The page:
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By Derek Spalding, Ottawa Citizen

OTTAWA — Plans to widen the Airport Parkway are much easier to accept for one councillor now that he realizes the expansion will be dedicated to high-occupancy vehicles and taxis.

Coun. David Chernushenko expressed disappointment Wednesday when he thought the latest update to the city's transportation master plan would include widening parkway with additional lanes for regular traffic.

The plans for the project were mentioned during a much-anticipated speech that morning from Mayor Jim Watson. Chernushenko has since said he supports widening the road between Brookfield and Hunt Club.

"(The changes) will make taking the bus more attractive," he said after getting more details.

Adding HOV lanes is part of a larger vision for Ottawa's southern communities, which also includes extending the O-Train service with five more rail stations, while making several road changes, all of which are designed to decrease commuting times.

Improved transit service and HOV lanes will hopefully reduce traffic on the busy road, which bottle necks on Bronson Avenue for those heading into the downtown.

"Hopefully, people stuck in their cars will look over at buses passing them on the road and say ... maybe there's a better way," Chernushenko said.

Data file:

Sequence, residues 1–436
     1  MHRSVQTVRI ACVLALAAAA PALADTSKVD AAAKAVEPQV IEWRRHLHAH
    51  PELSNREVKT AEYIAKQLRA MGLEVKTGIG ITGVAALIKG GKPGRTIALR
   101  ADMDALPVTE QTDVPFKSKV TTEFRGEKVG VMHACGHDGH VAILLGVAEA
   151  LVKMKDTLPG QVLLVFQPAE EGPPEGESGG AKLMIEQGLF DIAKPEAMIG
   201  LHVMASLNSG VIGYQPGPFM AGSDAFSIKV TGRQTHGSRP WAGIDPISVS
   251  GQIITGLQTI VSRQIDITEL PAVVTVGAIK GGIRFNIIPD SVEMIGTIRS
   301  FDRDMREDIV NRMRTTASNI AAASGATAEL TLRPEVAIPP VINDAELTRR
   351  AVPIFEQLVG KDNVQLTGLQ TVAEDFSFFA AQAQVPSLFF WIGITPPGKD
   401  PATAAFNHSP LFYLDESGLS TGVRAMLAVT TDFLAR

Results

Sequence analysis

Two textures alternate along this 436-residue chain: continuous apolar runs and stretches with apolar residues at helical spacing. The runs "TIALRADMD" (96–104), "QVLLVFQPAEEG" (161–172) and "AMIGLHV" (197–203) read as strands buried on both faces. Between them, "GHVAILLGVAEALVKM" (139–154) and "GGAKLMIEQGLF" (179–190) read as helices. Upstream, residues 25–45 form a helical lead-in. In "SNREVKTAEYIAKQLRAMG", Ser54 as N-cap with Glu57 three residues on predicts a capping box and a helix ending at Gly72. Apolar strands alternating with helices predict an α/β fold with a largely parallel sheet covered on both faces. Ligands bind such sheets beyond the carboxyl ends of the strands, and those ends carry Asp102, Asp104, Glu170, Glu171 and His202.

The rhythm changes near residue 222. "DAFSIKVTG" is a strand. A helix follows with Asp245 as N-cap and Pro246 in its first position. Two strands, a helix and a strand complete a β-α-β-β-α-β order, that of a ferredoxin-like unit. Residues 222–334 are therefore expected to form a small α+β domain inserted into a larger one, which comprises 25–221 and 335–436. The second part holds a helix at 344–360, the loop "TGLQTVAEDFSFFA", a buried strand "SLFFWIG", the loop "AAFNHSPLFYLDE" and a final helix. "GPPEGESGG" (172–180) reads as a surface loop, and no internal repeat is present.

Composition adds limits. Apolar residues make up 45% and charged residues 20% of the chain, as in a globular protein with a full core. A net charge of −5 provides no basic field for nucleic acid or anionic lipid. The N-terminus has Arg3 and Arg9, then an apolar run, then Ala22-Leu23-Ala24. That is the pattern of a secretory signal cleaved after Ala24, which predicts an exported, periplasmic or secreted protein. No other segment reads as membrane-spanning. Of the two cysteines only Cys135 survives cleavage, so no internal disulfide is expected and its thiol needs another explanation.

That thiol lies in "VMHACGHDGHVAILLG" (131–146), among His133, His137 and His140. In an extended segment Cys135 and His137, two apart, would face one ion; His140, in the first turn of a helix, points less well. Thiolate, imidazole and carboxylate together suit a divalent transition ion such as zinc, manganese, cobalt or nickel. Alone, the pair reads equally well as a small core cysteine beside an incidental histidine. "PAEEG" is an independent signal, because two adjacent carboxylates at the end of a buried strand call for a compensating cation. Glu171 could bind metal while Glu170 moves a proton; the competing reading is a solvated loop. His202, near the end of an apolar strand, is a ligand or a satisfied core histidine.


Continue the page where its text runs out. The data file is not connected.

He also applauds plans to extend the O-Train service with five new stations at Gladstone, Walkley, South Keys, Leitrim and Bowesville.

The city's transportation master plan will be tabled at the transportation committee meeting Wednesday afternoon. According to Watson's announcement in the morning, the document will address other road changes to service the city's southern communities, including changes to intersections along Prince of Wales Drive, widening Strandherd Drive and extending the Greenbank Road between Cambrian and Jockvale roads.

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'Forest of condos' planned for east-side transit stations make for bad neighbourhoods, councillor argues

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By David Reevely, Ottawa Citizen

OTTAWA — The "forest of condos" that Ottawa's city planners want to see built around new east-side light-rail stations will see too many people packed into too little space with too few ways to form new communities, says the councillor whose ward is slated to get the tallest of them.

The city is working its way through its second batch of "transit-oriented development" (TOD) plans, major rezonings of vacant and underused space around transit stations from Lees to Blair, aimed at taking maximum advantage of the high-capacity transit system it's building. They include plans to let builders construct towers of 20 and 30 storeys, and even taller ones at Lees — including one plot of land right next to the station that the planners think should have a 45-storey building. That would make it the tallest thing the City of Ottawa has ever zoned for without being asked by a developer first, and potentially second only to a pair of 48-storey buildings Richcraft has proposed for the south end of Little Italy.

And it's too much, said Coun. David Chernushenko, whose Capital ward includes the land around Lees station.

"It's one thing to say more height is needed, more density equals more height, but I think we've found all over the world that neighbourhoods of skyscrapers ... they're just not good socially," Chernushenko said. "In the past they've been associated with crime, social problems. They don't have to be. You can have nice expensive buildings. But they certainly aren't places where you know your neighbours and have a neighbourhood feel."